TITLE: President and CEO
FUNDING AREAS: Environment, natural resources (water and forests), and global peace and justice issues
CONTACT: email@example.com, 650-331-1031
IP TAKE: Osberg oversees millions of dollars in grants annually to organizations effecting environmental and social change around the globe—so-called social entrepreneurs.
PROFILE: Sally Osberg, president and CEO of the Skoll Foundation, is big on social entrepreneurship; it's the whole basis of her giving philosophy, actually. To Osberg, social entrepreneurs are such important agents of change that their inability to leverage (that is, finance) their talents results in "outright harm, with that burden falling most heavily on poor and marginalized populations." Osberg continues: "Think of the millions who die miserable deaths from contaminated water in developing world countries, the victims of non-existent or dysfunctional sanitation systems." Grim stuff, this. But social entrepreneurship, Osberg believes, can be a key component in solving the world's water problems.
It's not enough for Osberg to distribute water bottles or bore wells in vulnerable areas, though. She doesn't fund social service providers. What Osberg wants are projects that transform entire water distribution systems—things with a lasting impact. Osberg funds social entrepreneurs because she believes they're capable of creating long-term societal change but often lack the cash flow to transform their dreams into reality.
The Skoll Foundation funds projects in a range of areas, most of them environmental or social justice-centric: deforestation, education, international development, health care, food security and agriculture, peace, environmentally friendly manufacturing practices, and water. The foundation's chairman and founder, Jeff Skoll, is an Internet entrepreneur (creator of eBay) and moderately subversive film producer (think Food, Inc., An Inconvenient Truth), so he has a familiar relationship with entrepreneurship and the use of unconventional ideas as a means to alter mainstream consciousness. Skoll's foundation is devoted to financing others who have a Skoll-esque can-do spirit, ones whose realized visions could effectively solve "some of the world's most pressing problems."
Like the foundation chairman, Osberg is an accomplished innovator with multiple talents and an eye toward doing good. A major project of hers: founding and directing the Children's Discovery Museum of San Jose. Previously, Osberg directed the boards of the American Museum Association, the American Leadership Forum, and Women and Philanthropy. Osberg has also been an editor, a literature student (with an master's degree from Claremont Graduate School), a college professor (of writing), and an adviser to the Elders, a group of veteran world leaders collaborating to create peace. Among the Elders: such luminaries as Nelson Mandela, Kofi Annan, and Jimmy Carter.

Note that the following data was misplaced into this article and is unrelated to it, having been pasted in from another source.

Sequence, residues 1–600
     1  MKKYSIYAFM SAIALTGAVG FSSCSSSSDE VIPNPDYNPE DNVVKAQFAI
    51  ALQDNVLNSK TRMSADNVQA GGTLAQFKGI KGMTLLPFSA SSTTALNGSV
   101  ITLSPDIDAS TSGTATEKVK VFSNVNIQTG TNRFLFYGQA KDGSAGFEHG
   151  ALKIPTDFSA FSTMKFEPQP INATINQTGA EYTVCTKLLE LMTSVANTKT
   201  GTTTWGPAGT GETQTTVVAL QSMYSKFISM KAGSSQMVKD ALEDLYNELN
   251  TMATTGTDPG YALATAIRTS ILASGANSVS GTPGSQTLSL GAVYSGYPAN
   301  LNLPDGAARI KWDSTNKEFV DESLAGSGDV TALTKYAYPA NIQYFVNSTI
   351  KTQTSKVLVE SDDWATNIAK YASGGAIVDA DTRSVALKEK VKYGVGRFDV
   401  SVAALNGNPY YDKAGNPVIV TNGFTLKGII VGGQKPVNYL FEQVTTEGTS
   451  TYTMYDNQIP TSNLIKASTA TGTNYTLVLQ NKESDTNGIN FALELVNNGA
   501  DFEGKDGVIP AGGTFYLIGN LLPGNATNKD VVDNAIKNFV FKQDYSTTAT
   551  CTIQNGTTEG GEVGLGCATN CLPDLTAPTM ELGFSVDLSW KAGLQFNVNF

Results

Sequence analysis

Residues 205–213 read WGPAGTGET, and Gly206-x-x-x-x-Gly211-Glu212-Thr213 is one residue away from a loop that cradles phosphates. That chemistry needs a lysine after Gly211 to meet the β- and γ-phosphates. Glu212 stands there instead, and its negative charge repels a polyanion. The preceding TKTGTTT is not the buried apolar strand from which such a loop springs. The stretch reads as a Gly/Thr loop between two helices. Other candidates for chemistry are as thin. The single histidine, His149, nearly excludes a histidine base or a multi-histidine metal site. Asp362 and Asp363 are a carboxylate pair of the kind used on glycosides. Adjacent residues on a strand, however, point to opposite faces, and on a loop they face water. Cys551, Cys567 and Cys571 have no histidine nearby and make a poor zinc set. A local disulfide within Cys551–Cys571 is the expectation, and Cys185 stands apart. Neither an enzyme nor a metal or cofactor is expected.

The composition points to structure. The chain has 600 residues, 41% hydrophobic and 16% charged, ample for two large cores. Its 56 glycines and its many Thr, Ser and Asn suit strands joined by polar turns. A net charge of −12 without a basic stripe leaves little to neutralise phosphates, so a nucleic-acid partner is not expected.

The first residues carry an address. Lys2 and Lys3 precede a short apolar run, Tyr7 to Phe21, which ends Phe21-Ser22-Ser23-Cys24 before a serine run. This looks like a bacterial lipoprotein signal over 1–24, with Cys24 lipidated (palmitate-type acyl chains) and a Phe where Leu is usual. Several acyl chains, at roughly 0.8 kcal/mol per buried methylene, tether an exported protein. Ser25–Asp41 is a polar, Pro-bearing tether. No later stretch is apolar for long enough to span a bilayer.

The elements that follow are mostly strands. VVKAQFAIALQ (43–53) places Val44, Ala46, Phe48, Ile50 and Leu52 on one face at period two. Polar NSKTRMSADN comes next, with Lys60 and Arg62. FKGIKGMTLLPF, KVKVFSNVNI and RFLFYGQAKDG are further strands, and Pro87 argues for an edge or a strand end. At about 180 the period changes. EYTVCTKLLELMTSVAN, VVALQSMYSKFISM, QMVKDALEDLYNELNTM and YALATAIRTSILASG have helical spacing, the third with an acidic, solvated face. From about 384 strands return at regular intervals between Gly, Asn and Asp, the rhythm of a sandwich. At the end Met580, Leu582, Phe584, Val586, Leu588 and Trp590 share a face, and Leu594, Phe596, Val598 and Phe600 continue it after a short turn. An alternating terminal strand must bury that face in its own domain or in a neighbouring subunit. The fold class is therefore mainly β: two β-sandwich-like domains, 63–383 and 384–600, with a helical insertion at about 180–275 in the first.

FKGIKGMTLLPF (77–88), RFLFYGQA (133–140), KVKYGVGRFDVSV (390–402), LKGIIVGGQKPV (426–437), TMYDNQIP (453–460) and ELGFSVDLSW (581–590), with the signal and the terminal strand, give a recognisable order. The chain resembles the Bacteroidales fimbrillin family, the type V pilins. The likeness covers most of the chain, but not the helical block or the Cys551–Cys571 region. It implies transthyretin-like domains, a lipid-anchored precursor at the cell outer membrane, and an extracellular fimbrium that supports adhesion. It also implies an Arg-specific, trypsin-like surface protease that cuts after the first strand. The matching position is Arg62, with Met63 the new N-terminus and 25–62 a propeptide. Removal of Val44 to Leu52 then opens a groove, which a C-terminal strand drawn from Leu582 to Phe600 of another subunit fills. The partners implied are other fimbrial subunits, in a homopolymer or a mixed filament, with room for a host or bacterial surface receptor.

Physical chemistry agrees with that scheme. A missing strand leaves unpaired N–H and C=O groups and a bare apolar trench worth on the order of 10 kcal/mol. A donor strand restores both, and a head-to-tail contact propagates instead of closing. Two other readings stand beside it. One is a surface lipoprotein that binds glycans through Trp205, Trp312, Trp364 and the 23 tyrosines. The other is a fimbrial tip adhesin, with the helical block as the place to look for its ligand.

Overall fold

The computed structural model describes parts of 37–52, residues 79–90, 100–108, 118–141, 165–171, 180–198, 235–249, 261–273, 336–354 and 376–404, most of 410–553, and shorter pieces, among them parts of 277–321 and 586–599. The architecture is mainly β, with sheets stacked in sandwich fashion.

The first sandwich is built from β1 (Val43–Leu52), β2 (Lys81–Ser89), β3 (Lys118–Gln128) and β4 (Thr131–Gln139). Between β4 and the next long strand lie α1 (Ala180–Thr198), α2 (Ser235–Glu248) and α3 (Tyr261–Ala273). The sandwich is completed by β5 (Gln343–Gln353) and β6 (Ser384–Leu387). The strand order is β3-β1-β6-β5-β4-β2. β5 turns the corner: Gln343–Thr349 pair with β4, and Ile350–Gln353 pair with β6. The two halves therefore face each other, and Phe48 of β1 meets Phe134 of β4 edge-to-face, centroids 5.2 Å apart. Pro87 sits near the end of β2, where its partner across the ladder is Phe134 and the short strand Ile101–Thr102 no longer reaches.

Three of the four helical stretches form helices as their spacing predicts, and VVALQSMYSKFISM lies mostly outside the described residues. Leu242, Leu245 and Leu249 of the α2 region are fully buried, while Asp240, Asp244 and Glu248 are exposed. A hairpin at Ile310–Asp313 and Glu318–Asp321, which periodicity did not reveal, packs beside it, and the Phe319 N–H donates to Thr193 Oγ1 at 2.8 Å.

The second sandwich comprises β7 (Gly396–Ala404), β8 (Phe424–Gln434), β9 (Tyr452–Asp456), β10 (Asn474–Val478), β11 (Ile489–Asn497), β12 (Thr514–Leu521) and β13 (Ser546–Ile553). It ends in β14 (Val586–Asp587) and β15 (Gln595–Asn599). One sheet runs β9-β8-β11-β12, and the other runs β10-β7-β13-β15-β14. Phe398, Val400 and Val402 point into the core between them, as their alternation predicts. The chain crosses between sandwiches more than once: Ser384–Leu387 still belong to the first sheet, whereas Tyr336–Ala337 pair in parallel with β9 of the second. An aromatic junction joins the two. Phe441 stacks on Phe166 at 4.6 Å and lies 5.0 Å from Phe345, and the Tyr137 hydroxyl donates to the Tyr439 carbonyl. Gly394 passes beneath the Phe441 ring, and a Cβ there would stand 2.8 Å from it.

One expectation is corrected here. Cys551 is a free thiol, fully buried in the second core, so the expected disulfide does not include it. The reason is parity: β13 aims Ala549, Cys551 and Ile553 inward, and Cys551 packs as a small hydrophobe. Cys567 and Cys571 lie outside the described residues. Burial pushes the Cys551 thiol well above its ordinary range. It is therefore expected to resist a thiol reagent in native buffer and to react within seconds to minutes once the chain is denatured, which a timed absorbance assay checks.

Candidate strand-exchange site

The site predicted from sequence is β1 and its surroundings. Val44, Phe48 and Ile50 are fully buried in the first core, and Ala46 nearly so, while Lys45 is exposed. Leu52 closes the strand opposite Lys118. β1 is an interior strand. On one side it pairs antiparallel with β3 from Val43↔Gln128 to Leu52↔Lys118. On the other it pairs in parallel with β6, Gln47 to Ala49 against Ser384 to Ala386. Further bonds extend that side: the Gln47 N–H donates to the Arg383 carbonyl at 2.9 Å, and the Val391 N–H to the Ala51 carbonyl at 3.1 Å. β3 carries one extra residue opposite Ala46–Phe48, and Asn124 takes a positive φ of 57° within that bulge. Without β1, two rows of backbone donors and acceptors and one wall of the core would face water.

The Skoll Foundation is cautious about taking on too many new organizational partners. As a rule, the foundation funds a maximum of 10 projects a year. A look at the number of grants (several dozen, which is definitely higher than 10) that the foundation makes in a year, however, would suggest that Skoll grants are often multiyear endeavors. The foundation typically awards its grantees more than $17.9 million annually.
It should be noted that more than 10 of those $17.9 million go to another Skoll organization called the Skoll Global Threats Fund, which seeks to guard humanity against, as the name of the fund suggests, global threats. Well, five of them, to be precise: climate change, water security, pandemics, nuclear proliferation, and Middle East conflict. The Skoll Foundation's remaining grants go to a range of charitable organizations around the world focusing on its primary program areas. A full list of recent grants is available, in some detail, in Skoll's tax form 990.
Full details on the Skoll Foundation's grant application process are available here. But a general theme in what Skoll wants to fund — social entrepreneurs rearranging the world order for good.
Final notes on Sally Osberg: she talks about saving the world on Twitter (see below); she blogs about social entrepreneurship for the Huffington Post; and she really believes in what she's doing. Osberg's conviction comes through clearly in an interview in Forbes (conducted with, somewhat oddly, one of her employees):
I'd have to say our north star is an unwavering belief that big problems can be solved, even our most daunting threats defeated. For me the choice is stark: you can curse the darkness or chart a better future. Together with fellow travelers the world over, the Skoll Foundation is giving that brighter future our best shot.